There's a soft crunch of dirt under the tires as the white car pulls off the road and settles in next to the pump. Sally shuts off the engine, then stretches and finds her way out of the car. "<You can stay, if you want. I won't be too long, I think, though I want to fill up completely before we leave.>" So… she'll just get Isa's reimbursement later. Meanwhile, time to hook up the thirsty child to its bottle.

"<Everyone works differently.>" It took some time for Isa to remember that fundamental truth, having come from a society that actively stamped on individualism. In that sense she's something of a curious dichotomy. She is dedicated to the welfare of the group and others, yet she is intensely private; crushingly lonely, yet afraid to take that first step in trust so much of the time. "<You will get to where you need to be, in time.>"

Maybe coming from a society like that is where her terror of loneliness stems from. Or, maybe it's no more complicated than a simple fear of loneliness, born from too much loss in her life. Isa has established herself as a passionate woman, given to emotion; there is absolutely no doubt that she has felt every single loss keenly. Even the loss of her husband, however much she might argue it – mourning what was and the companionship that she had lost, more than the man himself.

The venom in her tone of voice suggests she certainly doesn't mourn the man himself. There's real heat there; real malice.

"<Don't wilt like that. The bastard has it coming,>" Isa growls. "<He could have asked me. He could have approached me as a representative of Icarus Dynamics. Maybe this could have gone differently if he did. But instead, he chose the one road that I wouldn't, that I couldn't, stand for. He broke my heart, not just once, but twice. And then he tried to kill me. I will shed no tears for the son of a bitch. I refuse to.>"

Raisa Ivanovna Yakovleva refuses to give him the satisfaction.

She looks up as the Lotus smoothly pulls off the highway and into the station, easing up to a pump. Climbing out of the car, she shakes her head, reaching for her cane and levering herself up and out of the seat. It's warm and humid out, so she shrugs out of her jacket, salvaging her cigarettes and lighter from it, leaving it behind in the car and carefully pushing the door shut.

That done, she hobbles a short distance away from the gas pumps, lighting herself a cigarette on the outskirts of the station and looking out to the fields. The agricultural land seems to compete with short stretches of New England forest, with enough trees to keep any glimpse of the horizon from being a sure shot. Clouds are still scudding across the summery sky, enough to promise a humid day; maybe even thunderstorms along the Hudson, if they keep building.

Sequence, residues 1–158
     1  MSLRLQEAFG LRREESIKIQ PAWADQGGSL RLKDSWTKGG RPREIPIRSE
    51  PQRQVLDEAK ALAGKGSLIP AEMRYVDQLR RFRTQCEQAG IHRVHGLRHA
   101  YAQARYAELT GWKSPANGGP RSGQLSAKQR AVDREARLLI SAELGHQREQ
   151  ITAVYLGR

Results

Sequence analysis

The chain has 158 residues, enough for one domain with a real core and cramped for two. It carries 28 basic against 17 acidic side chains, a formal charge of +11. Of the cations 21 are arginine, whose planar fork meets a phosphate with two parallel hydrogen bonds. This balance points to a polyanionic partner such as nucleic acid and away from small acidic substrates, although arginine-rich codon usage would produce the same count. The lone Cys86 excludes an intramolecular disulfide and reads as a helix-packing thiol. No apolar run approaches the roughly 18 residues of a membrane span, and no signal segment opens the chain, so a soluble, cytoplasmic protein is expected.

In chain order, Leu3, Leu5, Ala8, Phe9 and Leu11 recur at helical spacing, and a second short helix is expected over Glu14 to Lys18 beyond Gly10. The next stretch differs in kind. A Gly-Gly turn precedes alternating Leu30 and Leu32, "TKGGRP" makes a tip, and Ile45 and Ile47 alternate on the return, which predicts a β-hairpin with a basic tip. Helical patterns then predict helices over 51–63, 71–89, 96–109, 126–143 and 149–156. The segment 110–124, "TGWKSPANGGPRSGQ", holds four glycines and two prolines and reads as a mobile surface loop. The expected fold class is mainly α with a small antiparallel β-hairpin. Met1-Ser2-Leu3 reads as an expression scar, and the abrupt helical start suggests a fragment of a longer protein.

Taking a long draw, she exhales smoke, eye half-closing.

"<We can return to the Triskelion after this. I had better get back to work. I have a few changes I'd like to try with the schematic independent of Tony Stark's efforts. Call it a hunch. Each of us can work on the aspects of it that are our specialties. I will see about the manoeuvrability and reinforcement of the fuselage, while you and he deal with the power plant, main propulsion systems, and turbines.>" Isa shifts, plucking the cigarette from her mouth to tap ash onto the gravel, before bringing it back to her lips. "<I will admit that I am curious to see how it ends. That is why I chose to become a test pilot, ultimately. The lure of the unknown.>" The pilot flashes a crooked half-smile. "<After all, it is the unknown that a test pilot deals in; it is the unknown when a test pilot climbs into the cockpit of an untried and untested aircraft. I am as addicted to that, I think, as the wide open sky.>"

Whatever muted joviality she had fades away as she looks to the sky and its puffy clouds again. "<I would like to talk to him again soon, I think. I would appreciate it if you could secure for me an appointment… we will say, Monday? That will give me some time to finish what I am doing with the schematics…>" Stubbing out the last remnants of her cigarette, she hobbles back to the Lotus, sliding in and stowing her cane next to her leg with a faint grunt of discomfort. She'll be glad when this injury stuff stops being an inconvenience.

Reimbursement will come later; something Isa is happy to do for Sally. She's more than appreciative enough of the standing offer of transportation at any hour of the day or night.

"<You can drop me at the front entrance. I will make my way to where I need to go,>" she adds, waving her right hand, before dropping it to open the window a little. She's quite aware she smells like cigarette smoke, and she doesn't want to go stinking up Sally's car with it. "<I am tired. Maybe I will sleep a while before I set back to work…>"

Which is, most likely, for the best. Once she's "home" to the Bus, precisely what she does, for quite a few more hours than she'd intended on. Chances are that's where May will find her, if the taciturn Bus Driver checks in on her guest – curled up on her cot and dead to the world.